Lesson Plan links:
ARTS Alive! Literacy Empowered Through Artful Integration
Session 1: Grades K–2
The arts, when integrated within early literacy instruction, can permit children to encounter targeted phonic and phonological awareness patterns within meaningful and engaging contexts. In the SEEL (Systematic and Engaging Early Literacy) approach, targeted phonic patterns are connected to themes, texts, and interactions expressed in arts-based activities. Children may read and enact Caps for Sale, make caps with straps and flaps out of scraps, create signs for the cap store and advertisements for the caps they made, portray in dance the seller’s encounters with the monkeys in the book, and write about and illustrate their experiences. This session is geared toward preschool through second grade teachers.
Barbara Culatta is a professor of Communication Disorders and associate dean of the School of Education at Brigham Young University. She completed her PhD from the University of Pittsburgh and a postdoctoral fellowship from Johns Hopkins University. Barbara has written two books (Language and Literacy Instruction in the Classroom and Systematic and Engaging Early Literacy) and numerous chapters and articles on language and literacy instruction/intervention. She has conducted federally funded early and intermediate grade literacy projects and is the creator of the SEEL (Systematic and Engaging Early Literacy) (education.byu.edu/seel). Her research evaluates the effectiveness of language and literacy intervention procedures.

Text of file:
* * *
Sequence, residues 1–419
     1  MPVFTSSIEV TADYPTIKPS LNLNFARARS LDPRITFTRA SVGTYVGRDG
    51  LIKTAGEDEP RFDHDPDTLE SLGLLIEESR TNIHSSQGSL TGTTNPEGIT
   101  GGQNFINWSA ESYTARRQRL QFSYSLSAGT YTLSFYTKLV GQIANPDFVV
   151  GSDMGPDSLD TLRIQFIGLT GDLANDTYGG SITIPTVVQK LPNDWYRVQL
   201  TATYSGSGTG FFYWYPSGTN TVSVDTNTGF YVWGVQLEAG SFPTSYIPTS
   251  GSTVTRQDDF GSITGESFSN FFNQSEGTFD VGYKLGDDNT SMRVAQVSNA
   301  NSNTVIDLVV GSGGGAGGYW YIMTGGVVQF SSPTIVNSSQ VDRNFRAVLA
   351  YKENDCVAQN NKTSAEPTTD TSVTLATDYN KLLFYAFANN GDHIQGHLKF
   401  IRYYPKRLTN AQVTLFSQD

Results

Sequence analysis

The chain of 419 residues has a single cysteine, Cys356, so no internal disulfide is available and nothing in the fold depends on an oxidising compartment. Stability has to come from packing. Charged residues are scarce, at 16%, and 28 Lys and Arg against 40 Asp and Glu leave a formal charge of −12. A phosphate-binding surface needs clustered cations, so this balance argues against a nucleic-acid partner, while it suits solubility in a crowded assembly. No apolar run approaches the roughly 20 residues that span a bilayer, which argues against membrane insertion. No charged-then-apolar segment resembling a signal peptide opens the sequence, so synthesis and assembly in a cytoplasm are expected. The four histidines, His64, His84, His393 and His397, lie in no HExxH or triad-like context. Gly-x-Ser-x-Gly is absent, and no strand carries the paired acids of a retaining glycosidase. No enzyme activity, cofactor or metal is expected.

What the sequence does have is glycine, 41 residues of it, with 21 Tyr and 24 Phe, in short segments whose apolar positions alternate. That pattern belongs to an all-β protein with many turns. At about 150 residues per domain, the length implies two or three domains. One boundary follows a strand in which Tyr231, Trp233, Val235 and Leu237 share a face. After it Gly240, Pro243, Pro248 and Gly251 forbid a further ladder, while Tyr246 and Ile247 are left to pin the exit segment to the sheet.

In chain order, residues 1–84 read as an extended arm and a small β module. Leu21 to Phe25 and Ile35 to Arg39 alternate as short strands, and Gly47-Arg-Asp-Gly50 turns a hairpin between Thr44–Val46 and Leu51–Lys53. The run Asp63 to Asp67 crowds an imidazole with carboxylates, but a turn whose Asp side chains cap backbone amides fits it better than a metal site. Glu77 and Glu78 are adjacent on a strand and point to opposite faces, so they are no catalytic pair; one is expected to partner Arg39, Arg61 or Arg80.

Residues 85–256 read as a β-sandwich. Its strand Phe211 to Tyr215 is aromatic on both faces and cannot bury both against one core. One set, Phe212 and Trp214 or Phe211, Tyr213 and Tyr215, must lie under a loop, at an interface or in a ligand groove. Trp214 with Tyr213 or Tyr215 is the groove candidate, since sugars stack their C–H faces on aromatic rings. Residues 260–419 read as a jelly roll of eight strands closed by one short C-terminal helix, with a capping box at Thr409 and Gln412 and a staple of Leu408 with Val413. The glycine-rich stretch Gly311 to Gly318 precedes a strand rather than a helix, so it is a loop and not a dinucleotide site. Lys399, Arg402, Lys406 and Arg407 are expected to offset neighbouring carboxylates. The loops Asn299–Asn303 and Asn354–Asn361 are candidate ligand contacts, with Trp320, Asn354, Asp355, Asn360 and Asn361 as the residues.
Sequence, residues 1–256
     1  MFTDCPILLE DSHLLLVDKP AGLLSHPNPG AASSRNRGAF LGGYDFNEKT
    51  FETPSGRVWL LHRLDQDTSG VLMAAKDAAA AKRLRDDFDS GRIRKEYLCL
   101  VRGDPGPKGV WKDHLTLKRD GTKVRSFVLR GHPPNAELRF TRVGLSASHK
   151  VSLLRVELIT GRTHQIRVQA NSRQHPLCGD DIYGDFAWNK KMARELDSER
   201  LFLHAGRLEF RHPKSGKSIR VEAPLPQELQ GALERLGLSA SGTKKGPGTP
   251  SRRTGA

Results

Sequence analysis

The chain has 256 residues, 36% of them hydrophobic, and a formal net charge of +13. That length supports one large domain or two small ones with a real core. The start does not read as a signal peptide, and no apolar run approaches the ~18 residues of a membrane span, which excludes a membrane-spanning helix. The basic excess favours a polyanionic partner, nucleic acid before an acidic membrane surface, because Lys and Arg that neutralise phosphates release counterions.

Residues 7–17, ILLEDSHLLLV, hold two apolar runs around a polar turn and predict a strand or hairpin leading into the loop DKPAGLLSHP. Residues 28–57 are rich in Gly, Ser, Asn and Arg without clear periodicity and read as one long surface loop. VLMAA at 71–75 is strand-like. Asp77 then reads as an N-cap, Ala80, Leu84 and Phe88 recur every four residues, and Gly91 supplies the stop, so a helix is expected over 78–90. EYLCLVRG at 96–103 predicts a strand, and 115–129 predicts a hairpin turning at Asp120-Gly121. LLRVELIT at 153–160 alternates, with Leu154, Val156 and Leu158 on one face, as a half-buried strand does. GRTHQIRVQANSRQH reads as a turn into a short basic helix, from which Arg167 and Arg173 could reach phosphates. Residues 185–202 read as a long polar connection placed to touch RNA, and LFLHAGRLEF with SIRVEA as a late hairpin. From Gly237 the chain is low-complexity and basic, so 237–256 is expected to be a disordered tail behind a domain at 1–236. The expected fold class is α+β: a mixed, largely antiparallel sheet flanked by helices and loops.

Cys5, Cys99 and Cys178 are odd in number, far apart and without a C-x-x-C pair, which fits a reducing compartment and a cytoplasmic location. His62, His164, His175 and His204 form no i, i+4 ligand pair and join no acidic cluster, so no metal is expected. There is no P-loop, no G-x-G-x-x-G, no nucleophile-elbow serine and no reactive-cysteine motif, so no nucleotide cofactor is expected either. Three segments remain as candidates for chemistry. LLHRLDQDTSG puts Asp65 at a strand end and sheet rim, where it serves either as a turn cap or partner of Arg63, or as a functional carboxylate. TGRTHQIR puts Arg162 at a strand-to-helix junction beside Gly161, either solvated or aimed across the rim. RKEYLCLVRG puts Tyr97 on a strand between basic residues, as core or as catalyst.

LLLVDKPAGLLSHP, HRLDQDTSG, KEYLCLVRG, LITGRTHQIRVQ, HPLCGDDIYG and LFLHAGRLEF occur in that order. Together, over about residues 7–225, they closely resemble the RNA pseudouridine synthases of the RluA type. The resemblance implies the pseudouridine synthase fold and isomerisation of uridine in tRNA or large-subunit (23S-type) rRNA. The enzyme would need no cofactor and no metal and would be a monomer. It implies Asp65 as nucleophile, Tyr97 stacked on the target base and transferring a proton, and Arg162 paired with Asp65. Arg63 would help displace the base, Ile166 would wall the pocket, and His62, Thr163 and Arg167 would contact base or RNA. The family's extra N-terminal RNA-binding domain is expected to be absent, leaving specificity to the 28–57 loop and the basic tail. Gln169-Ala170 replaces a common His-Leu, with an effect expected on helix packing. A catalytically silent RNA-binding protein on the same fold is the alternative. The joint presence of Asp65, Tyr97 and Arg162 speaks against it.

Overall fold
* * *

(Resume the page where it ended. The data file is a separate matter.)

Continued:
Jolie Hill, MEd, is presently serving as the director of SEEL. Ms. Hill joined the SEEL team in 2006 after a long career as an early childhood educator, which included graduate studies in integrated teaching through the arts. Her expertise has been critical in developing and organizing SEEL resources, conducting mentored research, and implementating the program in BYU-Public School Partnership schools. She is often called on to represent SEEL and share her expertise in professional development sessions for local teachers and in multiple presentations at the annual conference of the National Association for the Education of Young Children (NAEYC).